Sunday, February 20, 2022

My Pagan path in an elevator pitch.

Maroon Bells | Lynne Cantwell 2017

I got name-checked on the Patheos blog of a Druid priest this week.

I've mentioned John Beckett here before. I've occasionally used one or another of his posts as a springboard for a blog post of my own. I've also taken some of the online classes he has offered; I'm not a Druid, but his classes are all ecumenical, if I may repurpose the term to mean practices and beliefs that are common to all varieties of Pagans. I did my best to enumerate the types of Pagans in a blog post a few years ago. 

But I still get questions about what Paganism is. A lot of them come from folks who have quit one or another Christian sect (I seem to have collected a number of ex-Mormon friends) and made a 180-degree turn into atheism. As if there are only the two choices: believe in Jehovah or believe in nothing.

So I asked John how to talk to these friends about Paganism -- keeping in mind that Pagans don't proselytize (no, really -- we don't). His answer is in the post that I linked to up top.

He calls these types of folks "religiously ignorant." I think that's a little harsh -- I'd go for "religiously uninformed" -- but his blog isn't mine. Regardless, the point is that because of the ubiquity of Christianity in the West, for the vast majority of folks, that's their only religious reference. So, as he says, first people want to know what you believe, and second, they want to know what your holy book is. Alert hearth/myth readers will see the problem immediately: Paganism has no holy book and no single set of beliefs. 

The next thing they often want to know is what you have to do to keep from going to Hell. When you say Pagans don't have a Hell, it doesn't compute. Pagans strive to live morally, of course, but not because of some heavenly reward awaiting us. The reward is here, in this life.

I encourage you to read John's post for his overview. If you're looking for more in-depth info, I could recommend a book or two. But if you want to know what I believe? Well, I guess I'd better write an elevator pitch for you. Here goes:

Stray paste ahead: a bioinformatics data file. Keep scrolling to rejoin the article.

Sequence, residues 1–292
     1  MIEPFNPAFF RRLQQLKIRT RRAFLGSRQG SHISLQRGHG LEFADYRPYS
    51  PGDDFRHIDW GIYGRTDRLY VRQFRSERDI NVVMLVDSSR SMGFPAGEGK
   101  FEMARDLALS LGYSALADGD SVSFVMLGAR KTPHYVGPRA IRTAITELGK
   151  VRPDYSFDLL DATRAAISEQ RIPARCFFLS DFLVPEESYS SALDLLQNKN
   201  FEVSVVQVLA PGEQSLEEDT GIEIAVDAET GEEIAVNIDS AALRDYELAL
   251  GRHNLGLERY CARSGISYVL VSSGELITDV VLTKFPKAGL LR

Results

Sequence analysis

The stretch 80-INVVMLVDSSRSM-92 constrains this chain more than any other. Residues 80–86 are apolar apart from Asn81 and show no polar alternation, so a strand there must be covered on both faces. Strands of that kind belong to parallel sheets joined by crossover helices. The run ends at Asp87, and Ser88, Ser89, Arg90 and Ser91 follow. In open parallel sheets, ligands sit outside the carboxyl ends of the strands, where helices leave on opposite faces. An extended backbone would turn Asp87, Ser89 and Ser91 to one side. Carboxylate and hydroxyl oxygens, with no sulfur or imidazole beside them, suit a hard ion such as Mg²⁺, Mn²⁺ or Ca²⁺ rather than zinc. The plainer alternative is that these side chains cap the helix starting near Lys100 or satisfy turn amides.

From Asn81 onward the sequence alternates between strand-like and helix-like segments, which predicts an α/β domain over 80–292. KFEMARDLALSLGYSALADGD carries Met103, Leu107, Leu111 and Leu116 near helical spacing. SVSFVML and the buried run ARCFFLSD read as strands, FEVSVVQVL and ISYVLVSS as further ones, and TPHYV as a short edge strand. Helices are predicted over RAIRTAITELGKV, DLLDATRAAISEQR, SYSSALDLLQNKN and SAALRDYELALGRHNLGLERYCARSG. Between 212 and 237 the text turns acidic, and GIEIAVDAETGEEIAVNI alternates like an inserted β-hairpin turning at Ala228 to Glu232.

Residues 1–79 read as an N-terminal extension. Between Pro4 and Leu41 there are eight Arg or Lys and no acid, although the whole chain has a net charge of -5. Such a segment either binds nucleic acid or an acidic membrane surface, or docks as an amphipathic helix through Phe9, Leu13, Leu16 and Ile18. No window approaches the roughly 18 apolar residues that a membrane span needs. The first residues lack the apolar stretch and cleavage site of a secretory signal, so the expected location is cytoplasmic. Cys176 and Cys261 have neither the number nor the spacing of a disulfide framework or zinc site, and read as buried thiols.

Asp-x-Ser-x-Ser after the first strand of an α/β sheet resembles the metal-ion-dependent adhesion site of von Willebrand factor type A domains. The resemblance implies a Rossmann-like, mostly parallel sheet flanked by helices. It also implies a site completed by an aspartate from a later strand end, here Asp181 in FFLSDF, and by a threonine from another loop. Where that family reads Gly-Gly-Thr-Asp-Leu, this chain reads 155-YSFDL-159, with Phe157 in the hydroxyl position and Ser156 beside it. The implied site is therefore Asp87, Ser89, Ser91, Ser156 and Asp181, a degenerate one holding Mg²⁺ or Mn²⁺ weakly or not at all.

I believe there are a whole lot of gods. I've spoken in meditation with several of them, and I am confident that they are separate persons -- neither facets of a single overarching deity nor figments of my imagination. I have relationships with a few gods, and if you've read any of the Pipe Woman Chronicles, their names may be familiar to you: Lugh, who can do anything; Brighid, blacksmith, healer, and poet; Morrigan, both a warrior and the personification of the land; and Mokosh, the Slavs' Mother Earth, who spins the thread of life.  

I believe in animism: that not just humans, but everything on this planet, is a person who deserves respect. I believe that none of these persons is more special than the other -- which is to say that humanity has no special, elevated place on this earth. Our job is to learn to coexist, not just with each other but also with animals, with plants, with the air and the water, and yes, even with the rocks. 

I believe that magic is a thing, and that it works. I've seen it work.

I believe that to believe in Hell is to live in fear. I look forward to going to the Summerlands when I die, and I know I don't have to believe a specific thing or live in a particular way to get there -- the Summerlands are open to all.

I'm happy with this path. It feels right to me. It makes my life richer. It makes it make sense.

If you've chosen a different path and you're happy with it, that's awesome. I would suggest, though, that you ask yourself how you found your path. If it's simply a wholesale rejection of the path you grew up following, then consider whether your former path is still controlling you. If that's your jam, then great. If not -- well. Maybe shop around for one that has no relation at all to the one you rejected.


The legislative session ended at noon on Thursday -- right on time. I've been cocooning since then (other than a trip to the grocery store), readjusting to being retired, and I'm just about ready to rejoin the world. 

So I'm taking a break from the blog next week. See you back here in two weeks. Might have some new  pictures for you then.


These moments of bloggy pathfinding have been brought to you, as a public service, by Lynne Cantwell. Get vaxxed!


Malcolm R. Campbell said...

Well said. Speaking of hell, I used to wonder how those holding the witchcraft trials came p with the idea that witches were working with the devil. What devil? So now, when people talk about hell, I just let it go because that's their fairy tale.

Lynne Cantwell said...